Nepris Raises $550K to Bring STEAM Experts to Classrooms


Nepris Raises $550K to Bring STEAM Experts to Classrooms

By Tony Wan     Oct 7, 2014

Nepris Raises $550K to Bring STEAM Experts to Classrooms

“What do you want to be when you grow up?” It’s a difficult question commonly asked of kids (and sometimes adults).

Nepris, a startup based in Austin, TX, wants to offer students a peek at different career choices by playing matchmaker between industry professionals and classroom teachers and students. For Sabari Raja, co-founder and CEO, the goal is “to make industry engagement a part of the everyday classroom experience, instead of something that happens just once or twice a year.”

The company recently raised $550,000 in a seed round led by NewSchools Venture Fund (which gave $200,000) and joined by angel investors including David Better (best known as the co-founder of NewToy, which was acquired by Zynga), David Matthews (owner of Trailblazer Capital), Kent Novak (Senior VP at Texas Instruments) and Pradeep Sethi (former CTO of Dell Education).

Teachers can request a session by sharing information about the class subject, lesson topics, desired outcomes, grade level, curriculum alignment and preferred times on the Nepris platform. The system will notify registered industry experts who fit the criteria. Upon confirmation from both parties, live video sessions are hosted on Nepris and recorded for future viewing. Students can use the platform to ask and text questions.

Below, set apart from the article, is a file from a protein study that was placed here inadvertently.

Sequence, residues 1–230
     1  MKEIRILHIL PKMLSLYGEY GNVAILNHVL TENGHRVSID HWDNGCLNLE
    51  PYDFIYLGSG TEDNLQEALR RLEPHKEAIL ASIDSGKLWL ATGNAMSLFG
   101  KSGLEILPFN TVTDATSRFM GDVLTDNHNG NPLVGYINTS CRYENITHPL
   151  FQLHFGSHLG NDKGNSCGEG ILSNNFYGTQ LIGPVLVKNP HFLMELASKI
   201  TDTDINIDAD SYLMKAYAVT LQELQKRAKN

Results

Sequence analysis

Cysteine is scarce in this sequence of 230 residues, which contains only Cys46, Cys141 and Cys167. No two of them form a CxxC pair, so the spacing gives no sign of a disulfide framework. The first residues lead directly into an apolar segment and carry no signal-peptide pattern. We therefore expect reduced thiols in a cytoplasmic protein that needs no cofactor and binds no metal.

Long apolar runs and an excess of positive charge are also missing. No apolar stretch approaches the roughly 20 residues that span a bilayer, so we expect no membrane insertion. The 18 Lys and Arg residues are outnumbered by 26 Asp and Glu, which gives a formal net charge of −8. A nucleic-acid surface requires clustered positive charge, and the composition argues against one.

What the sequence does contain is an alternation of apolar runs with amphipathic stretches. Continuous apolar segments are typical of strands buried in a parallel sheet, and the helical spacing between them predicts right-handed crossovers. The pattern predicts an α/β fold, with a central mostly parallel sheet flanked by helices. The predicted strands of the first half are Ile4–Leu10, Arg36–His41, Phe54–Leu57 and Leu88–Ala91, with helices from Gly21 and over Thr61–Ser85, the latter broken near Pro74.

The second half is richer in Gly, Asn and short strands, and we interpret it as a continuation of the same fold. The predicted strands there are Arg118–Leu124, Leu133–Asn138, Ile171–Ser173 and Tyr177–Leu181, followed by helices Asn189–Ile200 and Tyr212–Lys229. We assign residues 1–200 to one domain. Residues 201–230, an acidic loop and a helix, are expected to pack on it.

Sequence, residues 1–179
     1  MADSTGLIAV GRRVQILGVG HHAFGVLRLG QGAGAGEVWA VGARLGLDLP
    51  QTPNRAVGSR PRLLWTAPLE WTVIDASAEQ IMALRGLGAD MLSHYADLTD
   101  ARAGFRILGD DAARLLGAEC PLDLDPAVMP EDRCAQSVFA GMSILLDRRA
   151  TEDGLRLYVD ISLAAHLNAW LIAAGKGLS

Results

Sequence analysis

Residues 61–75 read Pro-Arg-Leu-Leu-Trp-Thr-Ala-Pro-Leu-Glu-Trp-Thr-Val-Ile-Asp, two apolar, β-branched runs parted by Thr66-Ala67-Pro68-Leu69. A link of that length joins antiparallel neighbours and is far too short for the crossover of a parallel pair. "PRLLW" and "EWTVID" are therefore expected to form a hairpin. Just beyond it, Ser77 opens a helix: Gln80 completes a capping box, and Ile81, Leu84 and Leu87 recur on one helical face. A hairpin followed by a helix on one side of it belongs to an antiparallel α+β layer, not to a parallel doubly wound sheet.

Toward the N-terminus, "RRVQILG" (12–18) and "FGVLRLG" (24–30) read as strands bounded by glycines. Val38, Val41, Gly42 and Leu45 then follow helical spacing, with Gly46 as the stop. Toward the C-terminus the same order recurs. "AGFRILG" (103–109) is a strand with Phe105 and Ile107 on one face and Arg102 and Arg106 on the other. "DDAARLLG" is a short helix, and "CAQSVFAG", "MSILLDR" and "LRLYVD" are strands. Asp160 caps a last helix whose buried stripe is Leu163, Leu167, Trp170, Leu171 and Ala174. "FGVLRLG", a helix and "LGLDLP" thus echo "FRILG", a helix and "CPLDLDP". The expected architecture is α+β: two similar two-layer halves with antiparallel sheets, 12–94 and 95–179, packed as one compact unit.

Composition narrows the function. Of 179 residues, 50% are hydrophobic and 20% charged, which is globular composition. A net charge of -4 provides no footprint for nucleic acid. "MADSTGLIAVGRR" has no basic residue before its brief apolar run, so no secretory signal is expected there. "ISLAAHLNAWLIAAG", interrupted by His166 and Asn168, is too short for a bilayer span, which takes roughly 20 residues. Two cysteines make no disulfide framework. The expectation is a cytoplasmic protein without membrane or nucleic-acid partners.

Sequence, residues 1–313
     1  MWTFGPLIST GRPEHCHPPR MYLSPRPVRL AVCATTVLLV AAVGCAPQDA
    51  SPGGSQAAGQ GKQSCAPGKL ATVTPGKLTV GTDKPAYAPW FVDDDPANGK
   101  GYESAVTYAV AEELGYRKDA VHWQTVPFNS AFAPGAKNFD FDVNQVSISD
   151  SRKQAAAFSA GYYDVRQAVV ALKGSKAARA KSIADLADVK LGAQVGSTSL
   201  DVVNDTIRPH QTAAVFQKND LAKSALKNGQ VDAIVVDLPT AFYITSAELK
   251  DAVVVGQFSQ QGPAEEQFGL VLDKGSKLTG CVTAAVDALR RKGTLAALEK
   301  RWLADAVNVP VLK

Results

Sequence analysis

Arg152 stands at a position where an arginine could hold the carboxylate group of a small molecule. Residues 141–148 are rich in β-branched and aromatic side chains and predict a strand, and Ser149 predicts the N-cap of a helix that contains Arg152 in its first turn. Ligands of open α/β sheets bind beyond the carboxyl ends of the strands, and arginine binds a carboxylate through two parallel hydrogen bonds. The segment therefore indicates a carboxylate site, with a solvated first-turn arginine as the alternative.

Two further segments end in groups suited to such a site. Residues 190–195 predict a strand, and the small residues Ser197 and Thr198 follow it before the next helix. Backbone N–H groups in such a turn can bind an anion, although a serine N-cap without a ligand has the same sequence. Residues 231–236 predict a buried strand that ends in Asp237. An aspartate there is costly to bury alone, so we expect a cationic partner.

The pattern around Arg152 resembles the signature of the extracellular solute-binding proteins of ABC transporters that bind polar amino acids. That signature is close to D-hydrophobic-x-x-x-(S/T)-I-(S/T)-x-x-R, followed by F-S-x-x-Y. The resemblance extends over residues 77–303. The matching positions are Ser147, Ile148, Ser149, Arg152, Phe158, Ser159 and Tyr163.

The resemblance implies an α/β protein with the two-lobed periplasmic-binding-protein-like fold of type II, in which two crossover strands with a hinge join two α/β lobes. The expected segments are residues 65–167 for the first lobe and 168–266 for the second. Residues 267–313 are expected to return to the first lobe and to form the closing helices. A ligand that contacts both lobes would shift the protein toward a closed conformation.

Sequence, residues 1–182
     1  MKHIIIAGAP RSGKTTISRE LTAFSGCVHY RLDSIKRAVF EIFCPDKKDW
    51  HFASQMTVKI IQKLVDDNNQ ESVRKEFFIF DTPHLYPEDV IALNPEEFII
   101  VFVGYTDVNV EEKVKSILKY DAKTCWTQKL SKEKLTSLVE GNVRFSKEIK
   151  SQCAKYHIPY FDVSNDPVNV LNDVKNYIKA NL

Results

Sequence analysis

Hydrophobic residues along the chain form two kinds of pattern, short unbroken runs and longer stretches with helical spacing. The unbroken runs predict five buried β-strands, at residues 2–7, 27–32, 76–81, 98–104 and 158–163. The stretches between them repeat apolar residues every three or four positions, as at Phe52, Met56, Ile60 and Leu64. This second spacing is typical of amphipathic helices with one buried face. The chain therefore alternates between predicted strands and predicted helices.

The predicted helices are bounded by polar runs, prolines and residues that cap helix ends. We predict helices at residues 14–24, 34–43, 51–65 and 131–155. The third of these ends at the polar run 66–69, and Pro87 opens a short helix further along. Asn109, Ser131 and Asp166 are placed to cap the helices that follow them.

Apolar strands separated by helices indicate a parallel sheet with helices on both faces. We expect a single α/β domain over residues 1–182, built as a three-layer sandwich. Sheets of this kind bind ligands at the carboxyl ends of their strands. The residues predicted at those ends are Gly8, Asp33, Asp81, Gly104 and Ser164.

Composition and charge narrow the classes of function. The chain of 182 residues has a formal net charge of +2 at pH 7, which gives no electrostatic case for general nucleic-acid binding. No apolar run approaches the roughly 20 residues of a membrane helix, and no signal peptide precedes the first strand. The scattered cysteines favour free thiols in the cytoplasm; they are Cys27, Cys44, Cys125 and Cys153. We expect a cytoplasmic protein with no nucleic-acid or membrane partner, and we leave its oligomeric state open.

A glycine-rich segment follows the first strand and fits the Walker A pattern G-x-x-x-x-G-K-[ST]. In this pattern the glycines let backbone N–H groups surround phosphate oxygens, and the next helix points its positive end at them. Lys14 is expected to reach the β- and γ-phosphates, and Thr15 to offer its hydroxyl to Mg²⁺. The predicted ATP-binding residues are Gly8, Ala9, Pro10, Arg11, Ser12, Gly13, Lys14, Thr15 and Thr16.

While the most typical format is that of an Q&A, Raja says Nepris has also been used by students to share their projects and solicit feedback from professionals.

Launched in April 2014, Nepris has a community of thousands of teachers from 600 schools in 45 states, along with industry professionals from over 400 companies. Raja says a lot of traction has come from schools that deliver a project-based learning curriculum, along with career and technical education teachers.

The company currently charges $99 per teacher per year for unlimited use of the platform. Over half of the teachers, however, are currently sponsored by companies like Samsung and the Container Store as part of their philanthropy and education outreach. Originally intended to get students more interested in STEM fields, the platform has built a community of STEAM (A for the arts) professionals in diverse fields, including the Art Institute of Dallas, General Motors and Sony.

Another revenue opportunity for Nepris is white-labeling and licensing its platform to “STEM Hubs,” regional networks of local business and education leaders. (Here’s one in Los Angeles, for example.)

With Nepris, Raja aims to increase student engagement in topics whose real-world relevance may not be immediately clear. So the next time biology students are bored and wondering why prokaryotes matter, it may be time to buzz the Dallas Zoo.

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